T’Challa, Okoye, Nakia and his baby sister, Shuri (Letitia Wright), who is the Q to his James Bond, eventually travel to South Korea to thwart the sale of a rare vibranium artifact by the villainous Ulysses Klaue (a wonderfully unhinged Andy Serkis), who first appeared in Avengers: Age of Ultron. But Klaue is but a red herring; the true villain of Black Panther is Erik Killmonger, T’Challa’s cousin who was born far from the jungle in the U.S.
As played by Michael B. Jordan, marking his third time teaming up with Coogler, Killmonger is one of the best villains yet to debut in the MCU. But is he really a bad guy?
Killmonger wants to use Wakanda’s technological advancements to give African-Americans across the world the ability to finally stand up to oppression, racial violence and denigration and reclaim their rightful place as founding fathers and mothers of the world. If he has to destroy the majority white society in the process, so be it, because that society has done few favors to his people other than make them second-class citizens.
Think about this for a second.
Black Panther is a comic book movie. It’s filled with explosions and eye-popping visuals, cool gadgets and a fierce army of female warriors. Yet, here we are, talking about two schools of thought rooted very much in our real world that you can hear being debated right now on a cable news program.
You have Killmonger who represents the by-any-means-necessary side, the radical activists, the poverty-level minority workers who have toiled too long under the thumb of a majority that discounts and demeans them solely based on race and status. And you have T’Challa who wants to be not only the best king possible to his people, but also a global benefactor, sharing Wakanda’s resources freely to better the planet and all its people equally.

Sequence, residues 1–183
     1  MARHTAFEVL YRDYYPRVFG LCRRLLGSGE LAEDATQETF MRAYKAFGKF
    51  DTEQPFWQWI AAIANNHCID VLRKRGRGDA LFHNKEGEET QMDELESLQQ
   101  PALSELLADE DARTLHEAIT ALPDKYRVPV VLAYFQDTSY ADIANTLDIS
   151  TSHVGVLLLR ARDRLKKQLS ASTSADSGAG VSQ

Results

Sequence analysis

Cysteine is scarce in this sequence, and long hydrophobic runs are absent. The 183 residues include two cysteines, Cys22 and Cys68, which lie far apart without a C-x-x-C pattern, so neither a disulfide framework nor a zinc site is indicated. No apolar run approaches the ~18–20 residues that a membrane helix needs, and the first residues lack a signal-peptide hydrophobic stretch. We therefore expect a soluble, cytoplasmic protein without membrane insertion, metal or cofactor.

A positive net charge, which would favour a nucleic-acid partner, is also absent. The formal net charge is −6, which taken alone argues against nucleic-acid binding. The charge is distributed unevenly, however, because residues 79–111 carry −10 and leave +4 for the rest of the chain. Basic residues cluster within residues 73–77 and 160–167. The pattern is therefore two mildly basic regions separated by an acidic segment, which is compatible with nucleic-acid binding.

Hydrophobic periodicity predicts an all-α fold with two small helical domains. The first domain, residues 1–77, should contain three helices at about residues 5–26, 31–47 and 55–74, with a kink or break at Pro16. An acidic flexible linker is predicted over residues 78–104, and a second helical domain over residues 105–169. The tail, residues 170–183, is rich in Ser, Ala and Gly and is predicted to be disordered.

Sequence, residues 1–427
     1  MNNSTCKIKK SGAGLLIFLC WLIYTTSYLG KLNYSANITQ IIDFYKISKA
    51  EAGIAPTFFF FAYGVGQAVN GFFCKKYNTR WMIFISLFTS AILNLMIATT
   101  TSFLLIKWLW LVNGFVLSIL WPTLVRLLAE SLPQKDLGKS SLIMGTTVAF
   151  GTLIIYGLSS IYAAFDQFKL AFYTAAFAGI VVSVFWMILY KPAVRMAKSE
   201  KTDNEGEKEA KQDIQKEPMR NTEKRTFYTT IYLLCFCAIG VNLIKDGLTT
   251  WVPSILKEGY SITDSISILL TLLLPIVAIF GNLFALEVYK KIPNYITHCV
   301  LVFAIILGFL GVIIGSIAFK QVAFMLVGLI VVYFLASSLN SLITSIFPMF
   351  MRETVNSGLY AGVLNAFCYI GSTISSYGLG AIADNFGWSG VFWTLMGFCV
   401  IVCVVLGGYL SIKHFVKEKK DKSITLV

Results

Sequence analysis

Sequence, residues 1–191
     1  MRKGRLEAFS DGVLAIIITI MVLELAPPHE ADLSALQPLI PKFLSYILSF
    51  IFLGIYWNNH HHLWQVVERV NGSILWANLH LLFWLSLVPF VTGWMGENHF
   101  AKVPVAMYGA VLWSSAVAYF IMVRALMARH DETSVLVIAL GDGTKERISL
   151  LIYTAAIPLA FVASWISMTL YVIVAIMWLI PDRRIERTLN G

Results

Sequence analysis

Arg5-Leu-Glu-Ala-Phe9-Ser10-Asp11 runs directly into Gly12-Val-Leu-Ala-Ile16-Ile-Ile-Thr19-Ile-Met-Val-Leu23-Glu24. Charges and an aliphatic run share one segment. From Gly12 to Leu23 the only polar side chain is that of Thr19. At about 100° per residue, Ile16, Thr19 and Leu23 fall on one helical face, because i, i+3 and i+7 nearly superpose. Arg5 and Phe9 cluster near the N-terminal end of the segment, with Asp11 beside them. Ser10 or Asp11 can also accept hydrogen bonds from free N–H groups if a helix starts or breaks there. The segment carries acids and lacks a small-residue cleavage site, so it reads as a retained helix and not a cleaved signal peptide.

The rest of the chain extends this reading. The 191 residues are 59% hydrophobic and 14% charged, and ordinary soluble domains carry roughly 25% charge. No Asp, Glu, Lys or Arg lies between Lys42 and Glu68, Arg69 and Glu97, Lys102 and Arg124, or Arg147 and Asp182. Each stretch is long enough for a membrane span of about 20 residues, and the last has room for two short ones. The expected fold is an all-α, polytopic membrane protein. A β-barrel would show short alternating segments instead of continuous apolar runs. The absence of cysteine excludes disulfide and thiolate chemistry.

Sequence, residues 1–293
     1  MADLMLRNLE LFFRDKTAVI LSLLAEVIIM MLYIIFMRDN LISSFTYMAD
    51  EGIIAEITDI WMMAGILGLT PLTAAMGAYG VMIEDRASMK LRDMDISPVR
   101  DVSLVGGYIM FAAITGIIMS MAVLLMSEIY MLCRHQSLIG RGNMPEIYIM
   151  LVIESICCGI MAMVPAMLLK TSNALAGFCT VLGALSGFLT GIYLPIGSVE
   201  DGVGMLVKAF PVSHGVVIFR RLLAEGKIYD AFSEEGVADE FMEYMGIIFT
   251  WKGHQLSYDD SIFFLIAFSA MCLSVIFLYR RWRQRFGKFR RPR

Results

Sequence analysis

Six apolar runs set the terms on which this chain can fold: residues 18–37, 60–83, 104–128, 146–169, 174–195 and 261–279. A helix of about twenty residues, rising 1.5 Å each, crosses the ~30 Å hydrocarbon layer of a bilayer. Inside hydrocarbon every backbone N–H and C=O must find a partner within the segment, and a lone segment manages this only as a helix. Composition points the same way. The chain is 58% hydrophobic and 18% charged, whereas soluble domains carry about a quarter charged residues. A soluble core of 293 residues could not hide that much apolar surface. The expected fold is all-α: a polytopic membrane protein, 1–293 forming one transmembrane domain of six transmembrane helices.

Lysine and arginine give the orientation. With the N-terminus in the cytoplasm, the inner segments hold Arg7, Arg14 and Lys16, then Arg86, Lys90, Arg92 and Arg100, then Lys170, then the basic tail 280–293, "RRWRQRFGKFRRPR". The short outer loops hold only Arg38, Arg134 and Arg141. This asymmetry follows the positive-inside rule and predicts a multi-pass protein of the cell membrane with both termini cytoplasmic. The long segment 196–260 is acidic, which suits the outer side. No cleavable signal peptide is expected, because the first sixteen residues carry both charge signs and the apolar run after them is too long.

This push-and-pull, this timely debate of might versus right, of #BlackLivesMatter versus #AllLivesMatter, of violence versus benevolence, plays out in a major motion picture being released by the House of Mouse as part of a collection of interconnected films spawned from the pulp pages of comic books, and it is thoroughly exhilarating in its execution and intelligence.
Black Panther is unlike any Marvel movie released to date. It’s unlike any big-budget superhero film ever attempted. This is not laughable like Superman IV: The Quest for Peace. This is a crackling, urgent, socio-political thesis disguised as popcorn entertainment, imparting its message of peace, tolerance, equality and respect while we watch two grown men dressed as jungle cats battle for the fate of Wakanda inside a mountain mine filled with blue-glowing mineral ore.
Comic book heroes always save the day, rescue the girl (or boy) and beat the bad guy. And, since 2008, no studio has told these stories as well as Marvel.
But, for the first time, we are witness to something unprecedented. Coogler and his top-notch team have created a film that will stand forever as an unrivaled achievement and as a milestone for young African-American boys and girls to look up to and aspire to emulate.
If ever there was a time, it is now, to ask, “Can a superhero movie save our world?”
In the case of Black Panther, if we take the time to listen, to demand change and to hope, that answer comes as a resounding roar: